Scalability and Traffic

A major advantage of Joomla is scalability. The platform can handle huge content volumes and high traffic loads well. There are enterprise level extensions providing advanced caching, cloud support, and optimisation to scale massively.

Craft CMS starts to encounter issues when managing tens of thousands of content items or heavy traffic. The customised content approach makes it harder to optimise for large scales. Extra work is required to boost Craft's performance for enterprise scenarios.

For large news sites, e-commerce stores and communities, Joomla is better equipped to scale thanks to its enterprise-ready extensions ecosystem. Craft offers outstanding flexibility but needs to optimise for traffic to rival Joomla's robust scalability.

Hosting Requirements

Joomla can work well on typical LAMP stack hosting with Apache and MySQL databases. The lightweight core and compatibility with budget hosts make hosting affordable. Caching and other performance tweaks may be needed for additional optimizations.

Craft CMS requires more robust hosting to operate smoothly. Apache or Nginx with PHP 7.4 and MySQL 5.5 or higher is recommended. For optimal performance, Craft also supports PostgreSQL databases. Overall, Craft necessitates more capable hosting environments relative to Joomla.

Joomla offers better out-of-the-box performance and scalability making it well-suited for high traffic websites. However, with optimisations, Craft can reach respectable speeds and support larger workloads. The additional hosting requirements also make Craft costlier for enterprise-level deployments.

Comparing Pricing and Licensing

Licence Costs

One of Joomla's biggest advantages is its free open source core licence. All the main CMS features are available at no cost without restrictions. Only premium add-ons, extensions or support incur fees.

Craft CMS pricing utilises a paid licence model starting at $299 for a single site. To unlock additional sites and advanced features, Plus and Pro licences are $799 and $999 respectively. There is no free tier.

For organisations on a tight budget, Joomla provides a full-featured CMS without mandatory licensing costs. Craft's pricing can deter small teams or projects even though the platform itself offers excellent value.

Add-ons and Support Pricing

While Joomla is free, many add-ons and extensions come at a cost, typically ranging from $20 - $200 depending on capability. This allows customising functionality at reasonable rates. Support fees vary by provider.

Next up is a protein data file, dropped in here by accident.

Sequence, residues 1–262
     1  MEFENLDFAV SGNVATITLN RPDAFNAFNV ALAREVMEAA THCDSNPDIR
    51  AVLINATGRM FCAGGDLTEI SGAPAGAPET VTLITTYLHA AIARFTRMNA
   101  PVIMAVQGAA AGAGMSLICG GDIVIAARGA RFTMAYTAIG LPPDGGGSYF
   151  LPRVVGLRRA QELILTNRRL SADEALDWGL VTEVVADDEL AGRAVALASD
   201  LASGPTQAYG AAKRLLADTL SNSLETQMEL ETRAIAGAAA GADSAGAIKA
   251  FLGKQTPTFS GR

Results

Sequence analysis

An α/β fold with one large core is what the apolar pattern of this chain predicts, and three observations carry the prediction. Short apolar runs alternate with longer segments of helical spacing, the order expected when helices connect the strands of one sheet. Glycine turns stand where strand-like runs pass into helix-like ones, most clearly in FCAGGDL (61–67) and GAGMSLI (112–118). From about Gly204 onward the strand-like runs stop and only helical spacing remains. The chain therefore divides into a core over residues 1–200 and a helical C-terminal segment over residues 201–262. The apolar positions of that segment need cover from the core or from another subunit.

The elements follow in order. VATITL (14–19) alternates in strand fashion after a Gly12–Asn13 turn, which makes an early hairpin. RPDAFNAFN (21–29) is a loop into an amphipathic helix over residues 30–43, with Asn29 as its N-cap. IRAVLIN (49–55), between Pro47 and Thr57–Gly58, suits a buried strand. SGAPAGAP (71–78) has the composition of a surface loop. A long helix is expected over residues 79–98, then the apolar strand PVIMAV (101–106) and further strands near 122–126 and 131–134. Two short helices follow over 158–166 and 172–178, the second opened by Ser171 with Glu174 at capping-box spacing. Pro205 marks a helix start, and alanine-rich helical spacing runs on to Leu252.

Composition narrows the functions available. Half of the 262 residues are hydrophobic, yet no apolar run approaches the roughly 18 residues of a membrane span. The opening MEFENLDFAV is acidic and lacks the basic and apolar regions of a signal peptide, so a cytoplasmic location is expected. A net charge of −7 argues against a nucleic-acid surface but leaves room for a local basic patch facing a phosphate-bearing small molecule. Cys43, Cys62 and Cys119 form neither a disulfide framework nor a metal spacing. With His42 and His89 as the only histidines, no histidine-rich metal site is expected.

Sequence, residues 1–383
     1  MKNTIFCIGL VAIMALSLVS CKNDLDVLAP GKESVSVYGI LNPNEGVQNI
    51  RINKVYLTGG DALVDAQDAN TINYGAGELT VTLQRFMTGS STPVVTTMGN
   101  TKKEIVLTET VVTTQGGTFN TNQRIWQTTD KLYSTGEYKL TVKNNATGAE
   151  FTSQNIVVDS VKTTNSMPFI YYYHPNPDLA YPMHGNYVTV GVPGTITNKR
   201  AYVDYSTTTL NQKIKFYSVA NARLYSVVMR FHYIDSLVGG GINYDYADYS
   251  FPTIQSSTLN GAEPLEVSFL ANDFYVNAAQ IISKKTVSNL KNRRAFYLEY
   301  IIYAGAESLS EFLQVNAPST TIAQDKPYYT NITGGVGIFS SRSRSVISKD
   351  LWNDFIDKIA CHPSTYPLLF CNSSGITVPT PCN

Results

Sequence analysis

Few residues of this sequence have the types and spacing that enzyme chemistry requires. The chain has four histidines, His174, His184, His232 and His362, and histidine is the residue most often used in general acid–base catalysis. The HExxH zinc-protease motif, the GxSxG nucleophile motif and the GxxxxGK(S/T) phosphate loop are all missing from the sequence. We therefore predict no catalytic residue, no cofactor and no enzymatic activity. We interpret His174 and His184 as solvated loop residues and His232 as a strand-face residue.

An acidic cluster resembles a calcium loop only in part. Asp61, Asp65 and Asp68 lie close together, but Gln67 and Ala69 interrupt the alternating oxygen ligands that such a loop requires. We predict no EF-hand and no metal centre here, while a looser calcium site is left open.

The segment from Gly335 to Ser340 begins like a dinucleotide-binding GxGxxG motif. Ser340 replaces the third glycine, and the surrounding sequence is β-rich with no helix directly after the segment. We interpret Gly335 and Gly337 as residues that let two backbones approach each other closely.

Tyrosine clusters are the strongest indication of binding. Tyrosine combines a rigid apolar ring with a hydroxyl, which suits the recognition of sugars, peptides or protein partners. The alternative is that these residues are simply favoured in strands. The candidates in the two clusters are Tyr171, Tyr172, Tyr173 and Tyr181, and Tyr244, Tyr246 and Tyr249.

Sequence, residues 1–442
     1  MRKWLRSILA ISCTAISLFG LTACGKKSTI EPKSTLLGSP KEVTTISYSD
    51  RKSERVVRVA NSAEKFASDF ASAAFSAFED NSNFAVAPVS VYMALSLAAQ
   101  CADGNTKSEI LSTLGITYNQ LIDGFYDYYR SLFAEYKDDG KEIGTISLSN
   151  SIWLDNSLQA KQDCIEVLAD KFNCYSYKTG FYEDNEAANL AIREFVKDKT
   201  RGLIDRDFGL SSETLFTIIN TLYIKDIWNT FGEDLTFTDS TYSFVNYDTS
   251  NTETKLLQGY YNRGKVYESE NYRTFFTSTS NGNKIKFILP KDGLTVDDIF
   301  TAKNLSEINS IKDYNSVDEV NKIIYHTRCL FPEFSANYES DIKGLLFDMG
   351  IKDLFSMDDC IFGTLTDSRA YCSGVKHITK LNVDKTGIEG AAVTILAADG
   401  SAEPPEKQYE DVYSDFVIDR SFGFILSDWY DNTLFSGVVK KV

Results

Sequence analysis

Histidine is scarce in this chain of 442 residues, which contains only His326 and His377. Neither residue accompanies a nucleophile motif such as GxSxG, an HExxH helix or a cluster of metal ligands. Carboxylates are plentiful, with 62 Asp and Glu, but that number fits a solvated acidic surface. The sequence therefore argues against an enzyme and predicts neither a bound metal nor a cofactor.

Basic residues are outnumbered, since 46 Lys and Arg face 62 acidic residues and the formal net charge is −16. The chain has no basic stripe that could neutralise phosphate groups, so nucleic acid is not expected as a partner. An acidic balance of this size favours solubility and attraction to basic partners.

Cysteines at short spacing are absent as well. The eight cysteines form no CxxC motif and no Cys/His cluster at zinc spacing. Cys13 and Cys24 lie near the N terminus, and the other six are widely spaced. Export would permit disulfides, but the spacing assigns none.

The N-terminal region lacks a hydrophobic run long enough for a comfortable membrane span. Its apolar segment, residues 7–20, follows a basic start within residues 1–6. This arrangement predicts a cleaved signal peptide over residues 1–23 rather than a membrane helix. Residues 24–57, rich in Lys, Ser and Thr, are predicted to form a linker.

Craft add-ons are also paid - $39 to $129 for popular plugins. It also has mandatory annual support fees of $199 to $399 depending on licence tier. These recurring costs cover updates/upgrades and customer support access.

Both platforms incur add-on costs, but Craft's mandatory support fees guarantee routine updates and assistance. Joomla extensions may lack support or updates after purchase.

Long-Term Cost Considerations

For long-term use, Joomla incurs lower costs with one-time extension purchases versus Craft's yearly support fees. However, upgrade issues may require more developer/troubleshooting effort offsetting potential savings.

While the upfront cost is higher, Craft's support fees bring guaranteed upgrades, trouble-free updates and assistance when needed. The ecosystem also remains current longer relative to some outdated Joomla extensions.

Evaluating the total cost of ownership over 3-5 years, Joomla with paid extensions and support can match or exceed Craft's recurring fees. The savings from an open source CMS require technical resources for maintenance.

Joomla offers a lower barrier to entry but at the cost of mandatory technical management. Craft's support fees provide worry-free updates and assistance that offset long-term costs through reliability. For organisations with constrained budgets, Joomla remains an appealing option if technical expertise is available.

Ideal Use Cases

Small Business Sites

For small business sites like blogs, brochures, and basic e-commerce stores, Joomla provides an easy way to create professional sites on a budget. The free core, wide range of extensions and low hosting costs accommodate modest needs.

However, Craft's user-friendly admin and built-in Commerce plugin also make it suitable for small sites wanting greater customization ability. The lower learning curve offsets the higher licensing fees for some startups.